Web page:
Plymouth was named the No. 1 Place to Live nationally in 2008 by Money Magazine, and it continues to rank high among cities of comparable size. One of the variables that makes Plymouth such a great place is its emphasis on the wellbeing of its community members, from the youngest to the oldest. Those 55 and older have a wide range of services and activities to make aging in place a reality. Following are 10 resources guaranteed to make living in Plymouth enjoyable, economical and just plain fun.
The Plymouth Creek Center (14800 34th Ave. N.) is the place for senior activities. From card clubs to garden groups, woodcarvers, writers, walkers and warblers, there is something for everyone year round. The city also plans a variety of local outings and bus trips. The Senior Grapevine, a bimonthly publication, keeps Plymouth residents in the know about existing and upcoming events. From free to fee. Sara Mittelstaedt; 763.509.5282
The vision of Senior Community Services (SCS) is to enhance the independence, involvement, opportunities and quality of life of older adults in our community. Licensed social workers provide professional care coordination, counseling and caregiver support groups. Trained counselors provide group and one-to-one counseling and education on Medicare and health insurance. CareNextion, a web-based caregiver program, provides easy ways for family and friends to schedule tasks and share information. Susan Makela, Senior Outreach Worker; 952.541.1019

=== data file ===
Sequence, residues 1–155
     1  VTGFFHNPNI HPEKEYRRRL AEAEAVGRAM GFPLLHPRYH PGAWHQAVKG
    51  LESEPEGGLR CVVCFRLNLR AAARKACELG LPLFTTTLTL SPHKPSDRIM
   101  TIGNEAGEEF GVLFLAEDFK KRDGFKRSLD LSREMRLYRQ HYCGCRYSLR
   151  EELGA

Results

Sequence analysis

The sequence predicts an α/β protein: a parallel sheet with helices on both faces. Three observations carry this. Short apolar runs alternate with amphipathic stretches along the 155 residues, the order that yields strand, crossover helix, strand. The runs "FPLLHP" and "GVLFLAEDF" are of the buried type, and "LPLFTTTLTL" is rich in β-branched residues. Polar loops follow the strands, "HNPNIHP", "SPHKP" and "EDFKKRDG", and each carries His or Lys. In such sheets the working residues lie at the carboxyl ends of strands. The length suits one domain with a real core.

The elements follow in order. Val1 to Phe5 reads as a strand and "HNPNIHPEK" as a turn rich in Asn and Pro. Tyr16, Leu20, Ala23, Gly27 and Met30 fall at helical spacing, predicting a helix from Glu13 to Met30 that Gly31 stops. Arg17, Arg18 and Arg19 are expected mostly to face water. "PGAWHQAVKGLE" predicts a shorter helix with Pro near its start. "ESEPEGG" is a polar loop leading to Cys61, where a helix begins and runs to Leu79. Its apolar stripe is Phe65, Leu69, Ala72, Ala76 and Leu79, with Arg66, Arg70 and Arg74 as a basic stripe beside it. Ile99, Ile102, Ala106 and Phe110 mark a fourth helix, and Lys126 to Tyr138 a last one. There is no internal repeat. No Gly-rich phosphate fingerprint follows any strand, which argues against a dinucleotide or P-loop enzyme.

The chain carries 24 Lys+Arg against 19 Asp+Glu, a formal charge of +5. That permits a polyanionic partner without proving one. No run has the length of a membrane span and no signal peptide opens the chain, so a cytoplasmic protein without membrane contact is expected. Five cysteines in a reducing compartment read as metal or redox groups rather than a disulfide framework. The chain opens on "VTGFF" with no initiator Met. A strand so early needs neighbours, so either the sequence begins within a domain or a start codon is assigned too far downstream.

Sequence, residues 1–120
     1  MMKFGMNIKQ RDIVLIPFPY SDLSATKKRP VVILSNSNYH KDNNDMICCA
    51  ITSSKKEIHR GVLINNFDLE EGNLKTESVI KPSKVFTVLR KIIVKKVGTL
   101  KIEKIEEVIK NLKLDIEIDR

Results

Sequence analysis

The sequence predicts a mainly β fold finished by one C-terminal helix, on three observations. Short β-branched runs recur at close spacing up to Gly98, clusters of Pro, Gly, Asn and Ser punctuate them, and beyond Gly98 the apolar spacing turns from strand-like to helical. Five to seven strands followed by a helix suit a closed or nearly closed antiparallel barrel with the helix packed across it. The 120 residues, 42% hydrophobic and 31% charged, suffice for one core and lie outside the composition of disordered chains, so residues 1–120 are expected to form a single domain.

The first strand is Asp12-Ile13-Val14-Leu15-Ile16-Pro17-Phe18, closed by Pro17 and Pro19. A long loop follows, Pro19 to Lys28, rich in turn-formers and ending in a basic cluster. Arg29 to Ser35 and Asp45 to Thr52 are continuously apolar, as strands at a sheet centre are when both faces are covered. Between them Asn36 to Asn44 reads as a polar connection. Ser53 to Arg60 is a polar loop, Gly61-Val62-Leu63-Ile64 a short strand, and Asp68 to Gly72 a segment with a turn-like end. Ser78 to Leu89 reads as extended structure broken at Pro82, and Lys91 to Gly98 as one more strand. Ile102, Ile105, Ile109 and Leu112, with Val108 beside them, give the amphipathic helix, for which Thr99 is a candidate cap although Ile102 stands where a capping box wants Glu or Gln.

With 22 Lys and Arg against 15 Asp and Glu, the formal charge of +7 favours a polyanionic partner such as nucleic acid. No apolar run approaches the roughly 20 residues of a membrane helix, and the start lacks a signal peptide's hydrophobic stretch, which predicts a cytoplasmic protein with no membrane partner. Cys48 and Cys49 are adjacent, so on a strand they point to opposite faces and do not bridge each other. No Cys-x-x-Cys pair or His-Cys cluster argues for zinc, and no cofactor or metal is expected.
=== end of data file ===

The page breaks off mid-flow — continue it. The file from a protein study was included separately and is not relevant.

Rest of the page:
H.O.M.E. (Household and Outside Maintenance for the Elderly) offers low-cost help for local seniors. Outdoor services include mowing, yard work, gardening, raking, hauling away yard waster and snow shoveling. Other services include interior and exterior painting, minor repair work, housekeeping services, errands and grocery shopping. Tim Morin; 952.746.4046
The Smokebusters Program provides in-home safety visits by Plymouth firefighters. They will test smoke and carbon monoxide detectors, discuss 911 calls and help develop a fire-escape plan. Sara Lynn Cwayna; 763.509.5198
There are a number of options to help seniors get around Plymouth and to nearby communities. Most serve all of Plymouth, and all have one-way or round-trip nominal fares. Read more about IOCP Rides, PRISM Express, Dial-a-Ride, Metro Mobility and Transit Link at plymouthmag.com.
IOCP Rides Program (serving Plymouth residents West of 494) The IOCP RIDES program provides transportation to medical appointments and Adult Basic Education/English Language classes for community residents regardless of income. A partnership with the Family Car initiative, a regional effort of suburban providers, makes used cars available to low-income families. Lynn Vettel; 763.489.7505
PRISM Express (serving Plymouth residents East of 494) 763.529.1252
Metro Mobility 651.602.1111
Transit Link 651.602.5465
A sense of home is essential to everyone’s wellbeing. Finding the right housing for seniors is especially important for mental and emotional health, physical safety and the right amount of care. From independent living to subsidized housing, buildings with few services to the full spectrum of care, there are numerous options right in Plymouth (read more at plymouthmag.com).
Independent Senior Housing
Cornerstone Townhomes and Cooperative 3790 Lawndale Ln. N.; 763.478.4661